Should Barristers Make Cheese? We Are.

30th June, 2015, in Criminal Law, Legal Aid Cuts.


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Yesterday a large firm of solicitors declared they are planning to take a further slice from the barristers whose expertise they rely upon. 

Not in the open commercial market place you understand but a market place in which solicitors still have a monopoly: criminal legal aid. They want to cut 20% out of the fee they pay advocates for appearing in court. That’s 20% less for expert representation – the bit that matters. And do what with it? Keep it for themselves, for ‘diary purposes’.

So here you are: the answer to having a qualified, expert, barrister-led defence for your criminal case is to – wait for it – pay the barrister less! Woop! Woop!

But it’s not the only industry to suffer to taking a slice of somebody else’s pie. (And it’s not the only industry to respond!)

The plight of the milk-producing farmer is one we all understand. Just about everyone further up the supply chain put so much pressure on them that they started producing cheese (not literally – no wait – literally!). But you see the thing is, it transpired, none of us really minded a few more pennies going to the farmer, the expert, the producer of value (able) milk, and we liked the artisan nettle wrapped delicacies that also came about as a result.

It is so tempting to think that legal aid for criminal offences should ‘be axed’, or that it affects only the underbelly. It’s not true. A son who drank too much, allegedly punched someone and now his professional career is in threat. A husband who allegedly committed a driving offence and has been sacked- the household income, gone. Put another way, very few people know what it’s like to be operated on until they are squashed by an articulated lorry but we know there are surgeons there to look after us if it happens. But what if there weren’t?  Scaremongering? Really not.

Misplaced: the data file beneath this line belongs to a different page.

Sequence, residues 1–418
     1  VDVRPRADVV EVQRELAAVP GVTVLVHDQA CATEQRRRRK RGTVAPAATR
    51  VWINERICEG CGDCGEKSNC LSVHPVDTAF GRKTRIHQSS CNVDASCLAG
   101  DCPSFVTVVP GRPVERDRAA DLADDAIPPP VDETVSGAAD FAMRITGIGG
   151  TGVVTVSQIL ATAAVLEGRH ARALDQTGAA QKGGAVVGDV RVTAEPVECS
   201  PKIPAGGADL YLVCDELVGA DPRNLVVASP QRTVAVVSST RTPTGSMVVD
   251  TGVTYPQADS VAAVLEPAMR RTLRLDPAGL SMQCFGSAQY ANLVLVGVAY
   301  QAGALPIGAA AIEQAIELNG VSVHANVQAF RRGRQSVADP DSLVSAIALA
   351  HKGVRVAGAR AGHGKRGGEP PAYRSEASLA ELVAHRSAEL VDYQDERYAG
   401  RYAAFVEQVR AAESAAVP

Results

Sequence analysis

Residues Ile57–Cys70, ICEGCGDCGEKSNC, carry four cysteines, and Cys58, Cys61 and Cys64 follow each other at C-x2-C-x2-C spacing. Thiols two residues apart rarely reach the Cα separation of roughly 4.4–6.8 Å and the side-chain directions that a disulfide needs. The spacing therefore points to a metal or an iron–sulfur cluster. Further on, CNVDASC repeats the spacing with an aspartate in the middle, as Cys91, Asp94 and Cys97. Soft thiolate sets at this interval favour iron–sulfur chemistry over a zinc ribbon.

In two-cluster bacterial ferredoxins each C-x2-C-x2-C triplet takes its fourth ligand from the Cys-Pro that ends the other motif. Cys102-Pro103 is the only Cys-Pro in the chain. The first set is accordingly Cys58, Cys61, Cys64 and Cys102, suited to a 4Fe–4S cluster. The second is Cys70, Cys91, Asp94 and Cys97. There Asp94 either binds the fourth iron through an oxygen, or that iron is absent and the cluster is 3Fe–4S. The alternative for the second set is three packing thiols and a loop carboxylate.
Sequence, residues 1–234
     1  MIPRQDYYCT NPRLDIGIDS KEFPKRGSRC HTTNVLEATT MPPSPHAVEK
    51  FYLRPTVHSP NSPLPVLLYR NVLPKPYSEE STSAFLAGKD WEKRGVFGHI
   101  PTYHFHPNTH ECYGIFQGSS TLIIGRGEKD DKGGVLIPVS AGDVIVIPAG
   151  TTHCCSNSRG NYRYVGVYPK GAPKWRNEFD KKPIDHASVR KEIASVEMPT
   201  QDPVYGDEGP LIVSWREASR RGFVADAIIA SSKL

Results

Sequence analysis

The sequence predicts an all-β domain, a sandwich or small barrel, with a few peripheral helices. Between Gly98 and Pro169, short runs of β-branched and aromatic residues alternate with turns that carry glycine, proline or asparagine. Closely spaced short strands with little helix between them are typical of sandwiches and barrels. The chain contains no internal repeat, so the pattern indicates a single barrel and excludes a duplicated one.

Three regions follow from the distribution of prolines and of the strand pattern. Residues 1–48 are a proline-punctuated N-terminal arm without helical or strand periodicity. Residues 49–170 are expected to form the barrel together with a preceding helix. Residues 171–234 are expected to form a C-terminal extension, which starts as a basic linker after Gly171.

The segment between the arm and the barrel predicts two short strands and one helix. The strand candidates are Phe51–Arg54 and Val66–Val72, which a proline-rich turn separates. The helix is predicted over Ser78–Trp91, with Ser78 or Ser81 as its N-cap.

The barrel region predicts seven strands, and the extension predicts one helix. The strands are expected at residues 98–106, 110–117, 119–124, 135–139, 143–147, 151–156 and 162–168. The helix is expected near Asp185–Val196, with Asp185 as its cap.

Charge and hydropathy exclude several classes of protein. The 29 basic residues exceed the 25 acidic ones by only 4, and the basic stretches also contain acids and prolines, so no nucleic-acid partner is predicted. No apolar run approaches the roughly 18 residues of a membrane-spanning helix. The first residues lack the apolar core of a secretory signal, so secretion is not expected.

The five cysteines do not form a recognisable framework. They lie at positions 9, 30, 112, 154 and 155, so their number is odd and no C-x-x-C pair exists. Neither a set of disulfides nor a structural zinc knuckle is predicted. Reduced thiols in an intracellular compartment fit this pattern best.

In fact, this is the worst plight criminal legal aid barristers have ever faced. There are protests up and down the country and most solicitors are standing together with barristers rather than trying to take their pay too. To put this in perspective, work out what you were earning eight years ago…Got it? Now reduce it by 8.75% then do it again. It is not surprising The Criminal Bar Association describes this as an, “unparalleled challenge” to its members’ very survival. Epoch making words.

And then there is this, the thing nobody knows until it is you, your son, or your parent with nothing between you and the state: if you are charged with a criminal offence you are asked to contribute to the fee of defending yourself – before you, well, defend yourself. 

Think about what that means if you or someone you love were on the receiving end of an allegation (for that is all it takes) and charged. Quite apart from the fact that paying in advance is entirely trial by allegation, you must, having declared all of your assets to HMRC, make a financial contribution to defend yourself before your guilt has even been considered at trial, let alone established. Three grand a month for one client, fifteen hundred quid a month for ten or twelve months for another. Just two examples. The overall cost, the government says, of providing criminal legal aid. Or is it? Is the government just acting like the supermarkets – in the early stages. What should barristers do about it? What did the farmers do?

Simple. They relied upon their talents and training and now they all sell their own products directly from their own shops, famers markets and back to the supermarkets. Expertise straight to the market place and we all love it. (I actually prefer my cheese to be ‘nettle wrapped’.)

So what about us? What about barristers? We pay barristers more, but the charge to our clients is nearly always less than the recoverable rate if they opted for legal aid - and we do it with full administrative support. It’s not an advert. It’s not a threat. It is market economics favouring the experts and fairness for clients and we’ve done it already. Many times.

We’re making our own cheese…and it tastes very good indeed.

(If you would like to leave a cheese related comment – or otherwise -  here is a link to the original article.)